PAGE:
Without Music It Wouldn' Be the Same Film!

CD soundtrack: Dalibor Grubačević, Artedox, Aquarius Records, 2011.

  • CD sountrack: Dalibor Grubačević: Artedox, Aquarius Records, 2011In Croatia is rare to find soundtrack in which composer puts so much effort to create film music that it sounds authentically on one hand, and is, on second hand, well made for film. It is even rarer to find a Croatian film composer who keeps his style recognizable but also ready for grow and development. These grow and development are very well heard on new soundtrack Artedox by Dalibor Grubačević, published by Aquarius Records. Album sums up composer’s interest in music written for a specific film genre – a film documentary. At the first glance it seems that in documentary films composer doesn’t have space for much to say by his music. Namely, stories are real and music should also repeat reality in them. But, this is not what Grubačević thinks. His music tells stories from real life, but in the way that it gives them a new dimension which miraculously brings film pictures to life. This principle goes as far as it cans, which means that music transfers documentaries to fiction, that is, to the world of feature films. Documentary film and feature film are, of course, very far relatives, so Grubačević, by his intensively lyrical way of musical thinking, reinforces what directors had in their minds, but in the way that he creates parallel, even Hollywood-sounding, sound world of film.
    Together (Zajedno), director Nenad Puhovski
    Grubačević’s album contains music from feature documentary films Together (Zajedno) by Nenad Puhovski and Stopped Voice (Zaustavljeni glas) by Višnja Starešina; short documentary films Tesla, Shop Went Away (Ode dućan) and Josip Cvrtila by Miro Branković and Album and Lost Treasure (Izgubljeno blago) by Branko Ištvančić. There is also music for four episodes for TV series Hebrang by Zoran Budak. It is obvious that in these entire scores composer’s concern for his music doesn’t stop by the task of composing. Namely, being the Croatian film music composer, Grubačević thinks untypical for his surroundings, but typical for richer artistic milleurs: all his scores are composed for live instruments, whether for symphony orchestra, whether for few orchestral instruments or for solo piano which dominates the orchestral texture. It is important to emphasize this since orchestral film scores in Croatia are becoming rarity. Thanks to Grubačević who, despite many (production and financial) problems, never decides in favor to synthetic sound (he tries to avoid it in every cost), there is still hope that orchestral film sound in Croatia won’t be dead in few years.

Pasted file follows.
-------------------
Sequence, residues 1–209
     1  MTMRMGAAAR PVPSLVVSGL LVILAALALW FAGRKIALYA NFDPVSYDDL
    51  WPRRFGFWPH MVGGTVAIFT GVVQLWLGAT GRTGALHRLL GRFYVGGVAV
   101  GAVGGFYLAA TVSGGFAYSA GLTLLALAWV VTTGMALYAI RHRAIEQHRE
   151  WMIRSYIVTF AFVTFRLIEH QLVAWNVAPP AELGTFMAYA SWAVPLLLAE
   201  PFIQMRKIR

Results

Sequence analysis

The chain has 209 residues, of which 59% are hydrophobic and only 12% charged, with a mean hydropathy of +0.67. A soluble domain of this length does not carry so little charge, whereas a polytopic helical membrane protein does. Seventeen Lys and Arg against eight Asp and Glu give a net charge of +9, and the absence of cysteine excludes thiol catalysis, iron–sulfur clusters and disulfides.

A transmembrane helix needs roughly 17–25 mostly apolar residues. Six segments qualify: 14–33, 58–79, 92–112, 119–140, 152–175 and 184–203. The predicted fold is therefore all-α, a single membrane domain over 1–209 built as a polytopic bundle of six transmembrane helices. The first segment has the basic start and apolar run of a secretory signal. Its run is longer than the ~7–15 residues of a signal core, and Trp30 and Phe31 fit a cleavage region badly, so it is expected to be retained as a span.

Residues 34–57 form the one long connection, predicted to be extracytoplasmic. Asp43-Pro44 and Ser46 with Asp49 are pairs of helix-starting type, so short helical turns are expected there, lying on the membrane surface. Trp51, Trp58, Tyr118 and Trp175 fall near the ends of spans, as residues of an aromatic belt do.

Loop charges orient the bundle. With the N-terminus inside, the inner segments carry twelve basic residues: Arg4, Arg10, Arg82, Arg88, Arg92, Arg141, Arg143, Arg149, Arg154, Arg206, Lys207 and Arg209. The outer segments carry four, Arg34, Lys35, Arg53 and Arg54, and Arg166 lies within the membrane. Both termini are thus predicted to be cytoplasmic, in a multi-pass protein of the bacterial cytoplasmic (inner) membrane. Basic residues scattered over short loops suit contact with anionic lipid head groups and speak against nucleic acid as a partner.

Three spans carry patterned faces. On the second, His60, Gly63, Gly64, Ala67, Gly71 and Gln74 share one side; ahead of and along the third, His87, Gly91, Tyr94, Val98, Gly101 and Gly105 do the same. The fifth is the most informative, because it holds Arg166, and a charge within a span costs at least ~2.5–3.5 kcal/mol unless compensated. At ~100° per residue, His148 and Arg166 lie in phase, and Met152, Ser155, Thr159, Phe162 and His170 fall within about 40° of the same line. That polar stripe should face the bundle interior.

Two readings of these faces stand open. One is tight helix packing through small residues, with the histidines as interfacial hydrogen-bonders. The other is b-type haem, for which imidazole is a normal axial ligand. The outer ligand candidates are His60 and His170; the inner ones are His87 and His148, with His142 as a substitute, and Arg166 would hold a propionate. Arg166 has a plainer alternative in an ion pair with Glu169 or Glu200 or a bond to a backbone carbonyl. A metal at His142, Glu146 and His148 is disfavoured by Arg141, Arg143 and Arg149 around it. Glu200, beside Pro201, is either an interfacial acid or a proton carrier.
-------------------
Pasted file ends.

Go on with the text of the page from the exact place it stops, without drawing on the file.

Dalibor Grubačević, foto: 1www.daliborgrubacevic.comOn the other hand, it is also important that Grubačević always thinks how to publish an album of his film music – the soundtrack – which is also rare in Croatia. Namely, film music albums should be published by producers and other people who are backing the film, but in Croatia is not so. If composer alone doesn’t contact publishers and organize recording sessions by himself, his music will never be published. On this matter Grubačević is also alone in the sea of film music composers who never try to publish their music on CD due to many obstacles, or due to just trying to make director or producer to do the job (which is the practice in the big wide world), but those always shrug their shoulders thinking that publishing a soundtrack commercially doesn’t pay off. By publishing his music on CD, Grubačević doesn’t only advertise his artistic products, but he saves them and makes them listenable for a wide audience. In this way, his scores become archived national treasure of cultural importance.

    I used words artistic product, but I don’t mean that Grubačević’s music is commercial artifact made only for broad audience. His music brings all kinds of specialties: beautiful clarinet theme in opening credits in film Together which in end credits of the same movie becomes theme for violin; unique piano solos in TV-series Hebrang which also appear in scores for Stopped Voice and for Josip Cvrtila; specific musical attitude towards Croatian national music is found in Lost Treasure; heavy chamber strings, sometimes oriented towards contemporary classical music in Album; and there are elements of neo-romantism which are present in all films and which culminate in joke-like music for Shop Goes Away (this is the last number on CD).
    Stopped Voice (Zaustavljeni glas), director Višnja Starešina
    Although last sentences talk about profound musical thinking of classical oriented musician, there are evidences of excellent response of numerous viewers to this film music. Grubačević put on the cover-booklet of the CD a few words from each director he cooperated with. The most interesting are sentences written by Višnja Starešina, director of Stopped Voice: “It was the most important to me that the emotion and content of my documentary Stopped Voice about poet and Croatian journalist of Radio Vukovar Siniša Glavašević, find their way to young viewers. And I was very happy seeing how film touched my 16 year old nephew Ive, who said it was ‘too good’. I thought I am taking credit for this. ‘And what you liked the most?’, I asked him believing that I will get another praise. ‘The music, the music is too good,’ he said. ‘Everything else is O.K., but without music it wouldn’t be the same film.’ So, thank you, Dalibor, although you stole a compliment from me.”

    Also, thank you, Dalibor, from this film music lover, who is the author of these sentences as well, because you keep the faith in existence of excellent Croatian film music alive.

    © Irena Paulus, FILMOVI.hr, July 19, 2011